The post I reblogged reminds me of one of the most thought provoking — if overlooked — works of Mark Twain.
The first time I heard of The War Prayer was in a film adaptation of Twain’s The Private History of a Campaign that Failed. “The War Prayer” is dramatized as an epilogue to that story. This the YouTube version:
I chose “The War Prayer” to read at an interfaith service when I was at college. This was in 1991 when pro-war preaching both religious and civil was still very common in the aftermath of the Gulf War.
“The War Prayer” remains relevant to this day.
(Updating dead links, especially from the late and lamented (here at least) VodPod, I found myself back in 2008, with this post on Mark Twain’s “The War Prayer.” Fortunately, I found the film migrated to YouTube, though split in two parts. Some information that should have caught our attention in 2008 deserves noting now, and we can update and add new links.)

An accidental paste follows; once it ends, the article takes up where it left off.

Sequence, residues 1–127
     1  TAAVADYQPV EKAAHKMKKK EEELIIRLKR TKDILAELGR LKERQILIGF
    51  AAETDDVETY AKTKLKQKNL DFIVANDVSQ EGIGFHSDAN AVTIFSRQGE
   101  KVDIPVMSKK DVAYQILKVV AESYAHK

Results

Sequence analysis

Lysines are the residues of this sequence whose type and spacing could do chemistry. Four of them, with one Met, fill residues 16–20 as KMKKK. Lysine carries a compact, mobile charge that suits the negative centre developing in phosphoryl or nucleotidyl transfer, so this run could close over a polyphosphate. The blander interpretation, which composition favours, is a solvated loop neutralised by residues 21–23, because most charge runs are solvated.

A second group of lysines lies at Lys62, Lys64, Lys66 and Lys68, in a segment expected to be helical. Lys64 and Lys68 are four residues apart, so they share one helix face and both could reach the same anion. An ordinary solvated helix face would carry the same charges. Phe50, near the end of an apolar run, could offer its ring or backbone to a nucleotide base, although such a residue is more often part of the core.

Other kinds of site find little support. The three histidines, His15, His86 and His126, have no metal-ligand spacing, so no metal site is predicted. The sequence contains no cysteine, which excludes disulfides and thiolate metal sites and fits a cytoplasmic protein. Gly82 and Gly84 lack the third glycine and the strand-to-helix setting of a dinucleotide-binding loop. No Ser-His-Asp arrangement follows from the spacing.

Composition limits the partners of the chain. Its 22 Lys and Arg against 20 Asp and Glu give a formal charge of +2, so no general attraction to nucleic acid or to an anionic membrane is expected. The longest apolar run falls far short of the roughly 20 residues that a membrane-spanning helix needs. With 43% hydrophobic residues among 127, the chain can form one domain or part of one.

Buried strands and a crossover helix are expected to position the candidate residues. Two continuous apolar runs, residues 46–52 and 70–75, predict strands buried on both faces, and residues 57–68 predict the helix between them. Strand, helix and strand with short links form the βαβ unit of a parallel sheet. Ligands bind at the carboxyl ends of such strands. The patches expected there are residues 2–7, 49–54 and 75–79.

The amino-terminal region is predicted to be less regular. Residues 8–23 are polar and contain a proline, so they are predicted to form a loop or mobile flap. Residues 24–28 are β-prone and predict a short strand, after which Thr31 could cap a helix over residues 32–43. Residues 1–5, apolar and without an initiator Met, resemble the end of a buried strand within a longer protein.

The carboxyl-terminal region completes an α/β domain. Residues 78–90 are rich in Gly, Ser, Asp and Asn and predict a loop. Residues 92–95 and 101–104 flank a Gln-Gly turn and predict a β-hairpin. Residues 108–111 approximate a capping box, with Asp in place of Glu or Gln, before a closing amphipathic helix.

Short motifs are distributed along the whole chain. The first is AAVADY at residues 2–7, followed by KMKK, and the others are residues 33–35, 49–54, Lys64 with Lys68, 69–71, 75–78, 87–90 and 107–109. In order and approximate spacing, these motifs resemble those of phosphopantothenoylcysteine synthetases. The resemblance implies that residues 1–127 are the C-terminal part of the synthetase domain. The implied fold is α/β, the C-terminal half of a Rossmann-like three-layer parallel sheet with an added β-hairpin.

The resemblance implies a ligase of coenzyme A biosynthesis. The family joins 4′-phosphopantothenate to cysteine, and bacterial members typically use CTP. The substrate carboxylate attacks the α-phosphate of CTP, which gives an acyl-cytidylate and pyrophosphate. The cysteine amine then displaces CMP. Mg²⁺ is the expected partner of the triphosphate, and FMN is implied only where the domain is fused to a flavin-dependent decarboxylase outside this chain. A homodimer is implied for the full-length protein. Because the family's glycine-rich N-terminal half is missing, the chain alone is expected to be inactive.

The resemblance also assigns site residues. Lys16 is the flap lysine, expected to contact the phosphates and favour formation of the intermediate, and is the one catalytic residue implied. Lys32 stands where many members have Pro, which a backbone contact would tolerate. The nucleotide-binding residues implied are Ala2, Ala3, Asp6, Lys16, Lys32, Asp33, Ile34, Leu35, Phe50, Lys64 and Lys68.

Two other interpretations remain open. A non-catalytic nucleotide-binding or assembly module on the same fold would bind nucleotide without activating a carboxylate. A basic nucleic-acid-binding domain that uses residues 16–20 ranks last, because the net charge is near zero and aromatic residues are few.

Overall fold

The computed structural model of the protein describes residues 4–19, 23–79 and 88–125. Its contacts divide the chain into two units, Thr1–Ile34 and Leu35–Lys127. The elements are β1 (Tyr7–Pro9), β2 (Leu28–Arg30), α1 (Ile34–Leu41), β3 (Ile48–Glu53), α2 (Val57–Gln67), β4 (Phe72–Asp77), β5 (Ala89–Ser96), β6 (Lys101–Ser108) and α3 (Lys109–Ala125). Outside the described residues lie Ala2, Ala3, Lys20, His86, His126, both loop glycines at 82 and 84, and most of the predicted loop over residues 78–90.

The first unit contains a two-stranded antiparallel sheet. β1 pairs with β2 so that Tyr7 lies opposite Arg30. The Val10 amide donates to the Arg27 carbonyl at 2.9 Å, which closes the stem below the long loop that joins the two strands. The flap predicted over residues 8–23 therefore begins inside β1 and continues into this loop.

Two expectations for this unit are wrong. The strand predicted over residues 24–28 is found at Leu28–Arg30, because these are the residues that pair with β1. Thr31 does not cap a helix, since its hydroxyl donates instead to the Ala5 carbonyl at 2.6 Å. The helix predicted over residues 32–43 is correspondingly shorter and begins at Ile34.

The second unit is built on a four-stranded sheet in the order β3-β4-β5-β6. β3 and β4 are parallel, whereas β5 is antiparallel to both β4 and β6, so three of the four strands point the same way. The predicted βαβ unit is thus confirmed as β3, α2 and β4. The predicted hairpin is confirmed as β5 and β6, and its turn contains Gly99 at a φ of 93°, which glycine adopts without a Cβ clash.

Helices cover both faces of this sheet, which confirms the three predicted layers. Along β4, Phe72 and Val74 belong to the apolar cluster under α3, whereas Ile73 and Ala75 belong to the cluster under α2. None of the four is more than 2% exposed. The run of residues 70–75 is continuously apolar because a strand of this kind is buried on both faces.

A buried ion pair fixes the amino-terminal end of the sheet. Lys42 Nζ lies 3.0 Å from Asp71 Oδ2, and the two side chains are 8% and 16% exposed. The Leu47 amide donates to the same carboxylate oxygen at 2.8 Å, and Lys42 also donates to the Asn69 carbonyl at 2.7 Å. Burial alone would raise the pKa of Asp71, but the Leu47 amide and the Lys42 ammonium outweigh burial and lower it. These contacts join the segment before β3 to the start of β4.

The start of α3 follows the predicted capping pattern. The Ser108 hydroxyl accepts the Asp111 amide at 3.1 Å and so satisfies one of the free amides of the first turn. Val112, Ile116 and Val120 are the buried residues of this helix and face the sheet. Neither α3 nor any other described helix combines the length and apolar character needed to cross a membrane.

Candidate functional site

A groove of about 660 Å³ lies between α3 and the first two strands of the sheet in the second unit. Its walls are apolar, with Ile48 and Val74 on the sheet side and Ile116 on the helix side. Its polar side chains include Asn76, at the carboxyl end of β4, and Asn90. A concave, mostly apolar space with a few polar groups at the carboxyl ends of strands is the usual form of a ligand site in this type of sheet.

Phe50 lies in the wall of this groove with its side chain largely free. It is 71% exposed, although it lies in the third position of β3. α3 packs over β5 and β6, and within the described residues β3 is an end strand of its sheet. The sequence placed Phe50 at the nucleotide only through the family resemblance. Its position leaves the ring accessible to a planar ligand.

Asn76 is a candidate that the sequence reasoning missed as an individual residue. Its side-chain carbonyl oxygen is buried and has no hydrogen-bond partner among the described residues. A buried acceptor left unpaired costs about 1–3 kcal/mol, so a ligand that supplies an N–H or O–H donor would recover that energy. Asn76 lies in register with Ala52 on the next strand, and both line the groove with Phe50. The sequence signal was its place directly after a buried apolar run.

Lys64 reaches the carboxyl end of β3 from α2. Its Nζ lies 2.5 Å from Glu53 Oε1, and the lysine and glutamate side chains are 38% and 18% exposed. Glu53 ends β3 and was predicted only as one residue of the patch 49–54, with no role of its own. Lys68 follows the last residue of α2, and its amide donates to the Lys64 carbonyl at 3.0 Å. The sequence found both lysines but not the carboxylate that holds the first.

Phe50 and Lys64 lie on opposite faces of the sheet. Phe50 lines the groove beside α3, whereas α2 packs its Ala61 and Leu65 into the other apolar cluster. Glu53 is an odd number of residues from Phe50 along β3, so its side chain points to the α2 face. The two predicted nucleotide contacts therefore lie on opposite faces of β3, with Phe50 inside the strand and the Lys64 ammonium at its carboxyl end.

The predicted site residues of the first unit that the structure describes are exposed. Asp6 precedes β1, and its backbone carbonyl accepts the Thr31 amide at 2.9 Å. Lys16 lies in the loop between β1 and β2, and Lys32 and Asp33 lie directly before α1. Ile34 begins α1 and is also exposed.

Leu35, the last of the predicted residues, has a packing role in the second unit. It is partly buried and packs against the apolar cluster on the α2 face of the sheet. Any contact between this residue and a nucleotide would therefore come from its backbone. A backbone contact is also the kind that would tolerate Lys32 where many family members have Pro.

It’s largely forgotten now, especially in history texts in high schools. After the Spanish-American War, when the U.S. wrested several territories from Spain, including Guam, Cuba, Puerto Rico and the Philippines, the U.S. quickly got mired in one of the original guerrilla wars in the Philippines. It took 15 years, but the U.S. finally put down the rebellion — 15 brutal, bloody years. The conduct of that war shocked many people, including Mark Twain.
This piece was written partly in response to that war.
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